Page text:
Powell can be seen as an exemplar of the black-Jewish alliance of the Civil Rights movement of his early years.  He was always concerned with Jewish sensibility, apologizing to the Jewish community for holding in 2014 the first summit of a volunteer group, Promise America, to improve the lives of young people, of which he was the president, on Passover.

 In a speech before the World Jewish Congress in 2017, he spoke of the joy experienced throughout his neighborhood in the Bronx when the creation of Israel was declared in 1948: "It wasn't just the Jews who were celebrating; the rest of us were celebrating for the Jews.  We all shared in their joy, the joy of having a homeland.

It was in Sickser's shop, which sold goods to a clientele who spoke Yiddish as a first language, that Powell largely learned some Yiddish.  It is not clear whether Powell was fluent in the language, but he used it on official as well as social occasions.  He did say, "I understand Yiddish a bissel, a little."  In meeting Israeli prime minister Yitzhak Shamir in 1991, he suggested, to Shamir's astonishment, "men kent reden Yiddish" — we can speak in Yiddish.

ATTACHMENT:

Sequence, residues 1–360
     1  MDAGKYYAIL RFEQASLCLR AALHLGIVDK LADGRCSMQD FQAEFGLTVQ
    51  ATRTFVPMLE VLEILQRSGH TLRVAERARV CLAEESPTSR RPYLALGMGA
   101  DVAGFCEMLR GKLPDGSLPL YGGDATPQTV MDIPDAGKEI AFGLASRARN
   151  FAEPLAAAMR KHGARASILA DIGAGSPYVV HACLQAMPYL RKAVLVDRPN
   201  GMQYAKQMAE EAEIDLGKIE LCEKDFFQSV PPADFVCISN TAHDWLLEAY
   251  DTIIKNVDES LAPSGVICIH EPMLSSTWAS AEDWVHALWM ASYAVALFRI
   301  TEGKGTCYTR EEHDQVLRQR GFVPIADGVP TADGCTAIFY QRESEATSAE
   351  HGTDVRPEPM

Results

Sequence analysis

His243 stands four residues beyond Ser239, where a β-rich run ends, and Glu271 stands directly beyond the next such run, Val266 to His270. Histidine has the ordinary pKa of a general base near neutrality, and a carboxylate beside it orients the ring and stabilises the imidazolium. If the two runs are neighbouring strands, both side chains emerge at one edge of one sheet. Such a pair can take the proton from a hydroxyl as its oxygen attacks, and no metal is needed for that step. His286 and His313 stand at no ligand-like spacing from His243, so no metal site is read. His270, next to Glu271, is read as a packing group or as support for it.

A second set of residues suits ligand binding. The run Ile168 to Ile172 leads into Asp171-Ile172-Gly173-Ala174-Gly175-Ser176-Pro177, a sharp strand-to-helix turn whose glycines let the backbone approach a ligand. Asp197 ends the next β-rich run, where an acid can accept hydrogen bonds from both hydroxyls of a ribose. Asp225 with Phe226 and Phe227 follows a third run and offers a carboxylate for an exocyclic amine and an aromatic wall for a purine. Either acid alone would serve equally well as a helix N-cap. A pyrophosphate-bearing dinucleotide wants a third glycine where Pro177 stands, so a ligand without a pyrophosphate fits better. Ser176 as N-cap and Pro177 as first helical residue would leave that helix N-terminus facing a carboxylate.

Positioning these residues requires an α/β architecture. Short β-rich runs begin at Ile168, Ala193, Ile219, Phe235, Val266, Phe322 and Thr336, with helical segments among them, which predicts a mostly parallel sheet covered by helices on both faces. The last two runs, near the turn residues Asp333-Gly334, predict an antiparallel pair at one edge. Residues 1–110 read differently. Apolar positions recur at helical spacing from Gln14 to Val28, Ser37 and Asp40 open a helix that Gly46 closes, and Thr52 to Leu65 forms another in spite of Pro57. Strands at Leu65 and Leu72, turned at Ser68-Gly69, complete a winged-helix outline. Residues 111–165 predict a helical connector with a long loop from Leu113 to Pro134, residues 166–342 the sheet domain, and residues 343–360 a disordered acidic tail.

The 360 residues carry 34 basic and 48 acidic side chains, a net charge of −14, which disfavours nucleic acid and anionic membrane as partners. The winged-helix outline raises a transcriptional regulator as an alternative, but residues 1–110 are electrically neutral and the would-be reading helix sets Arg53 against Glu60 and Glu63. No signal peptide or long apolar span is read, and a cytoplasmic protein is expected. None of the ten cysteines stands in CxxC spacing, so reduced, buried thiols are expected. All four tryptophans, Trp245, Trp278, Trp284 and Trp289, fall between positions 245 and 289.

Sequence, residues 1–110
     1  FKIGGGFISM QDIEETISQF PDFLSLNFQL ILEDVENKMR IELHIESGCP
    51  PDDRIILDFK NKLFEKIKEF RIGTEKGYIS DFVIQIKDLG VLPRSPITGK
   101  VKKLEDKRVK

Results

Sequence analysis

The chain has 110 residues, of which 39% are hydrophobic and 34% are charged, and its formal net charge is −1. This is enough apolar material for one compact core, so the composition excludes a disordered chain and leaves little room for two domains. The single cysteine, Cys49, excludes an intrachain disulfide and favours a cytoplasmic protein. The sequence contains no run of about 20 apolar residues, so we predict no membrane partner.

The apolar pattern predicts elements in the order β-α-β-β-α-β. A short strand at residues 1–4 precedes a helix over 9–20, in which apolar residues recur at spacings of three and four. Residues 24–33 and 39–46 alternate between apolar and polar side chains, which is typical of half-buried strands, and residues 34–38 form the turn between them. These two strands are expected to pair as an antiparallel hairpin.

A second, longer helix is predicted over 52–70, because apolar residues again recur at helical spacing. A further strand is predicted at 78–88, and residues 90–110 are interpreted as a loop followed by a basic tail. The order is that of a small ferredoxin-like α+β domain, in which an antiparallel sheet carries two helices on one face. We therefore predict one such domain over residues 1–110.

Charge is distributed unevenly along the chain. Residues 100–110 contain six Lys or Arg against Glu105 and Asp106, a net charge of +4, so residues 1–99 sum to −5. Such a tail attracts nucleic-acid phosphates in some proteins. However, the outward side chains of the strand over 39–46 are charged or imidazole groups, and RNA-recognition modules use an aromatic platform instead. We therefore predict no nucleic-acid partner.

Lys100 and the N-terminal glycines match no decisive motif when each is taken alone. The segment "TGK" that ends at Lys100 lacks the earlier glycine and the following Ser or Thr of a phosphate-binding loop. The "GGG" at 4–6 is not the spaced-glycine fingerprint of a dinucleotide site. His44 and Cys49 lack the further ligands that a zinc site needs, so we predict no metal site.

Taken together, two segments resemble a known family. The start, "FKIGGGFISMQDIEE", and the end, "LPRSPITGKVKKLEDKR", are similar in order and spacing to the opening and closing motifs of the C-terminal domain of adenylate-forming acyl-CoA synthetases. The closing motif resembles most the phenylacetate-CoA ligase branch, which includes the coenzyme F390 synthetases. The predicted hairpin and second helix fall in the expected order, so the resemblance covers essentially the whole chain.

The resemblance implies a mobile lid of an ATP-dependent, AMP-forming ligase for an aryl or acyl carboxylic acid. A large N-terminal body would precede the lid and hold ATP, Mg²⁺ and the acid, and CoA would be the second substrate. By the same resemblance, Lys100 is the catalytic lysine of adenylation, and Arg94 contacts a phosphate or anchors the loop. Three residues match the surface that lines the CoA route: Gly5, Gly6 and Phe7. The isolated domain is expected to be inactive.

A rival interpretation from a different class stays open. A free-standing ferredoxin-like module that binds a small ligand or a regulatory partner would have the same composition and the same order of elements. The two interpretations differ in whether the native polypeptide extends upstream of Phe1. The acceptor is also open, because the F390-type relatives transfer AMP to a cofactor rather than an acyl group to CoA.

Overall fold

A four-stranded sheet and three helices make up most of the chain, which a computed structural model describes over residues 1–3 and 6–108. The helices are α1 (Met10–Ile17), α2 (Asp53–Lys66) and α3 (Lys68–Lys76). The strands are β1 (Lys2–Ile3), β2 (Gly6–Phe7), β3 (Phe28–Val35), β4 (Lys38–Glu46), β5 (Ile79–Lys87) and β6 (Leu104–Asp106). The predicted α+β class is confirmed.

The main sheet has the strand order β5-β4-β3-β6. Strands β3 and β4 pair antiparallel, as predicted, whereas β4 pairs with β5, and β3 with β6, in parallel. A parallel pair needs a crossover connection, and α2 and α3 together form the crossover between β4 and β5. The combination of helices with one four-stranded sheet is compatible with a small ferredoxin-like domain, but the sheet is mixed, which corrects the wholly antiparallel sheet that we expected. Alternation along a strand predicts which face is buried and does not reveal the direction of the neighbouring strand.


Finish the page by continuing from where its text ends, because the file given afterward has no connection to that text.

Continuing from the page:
Jews have been a part of the U.S. jazz world, as well as prominent as composers and lyricists, from Irving Berlin to George Gershwin, Jerome Kern and Rodgers and Hart, in the Great American Songbook.  Among the most best known Jews are Benny Goodman, Artie Shaw, Stan Getz, Lee Konitz, Willie the Lion Smith, Herbie Mann, and Buddy Rich, but none of them wore a Jewish Star of David round their necks for the whole of their lives to symbolize their association with Jews, as did Louis Armstrong.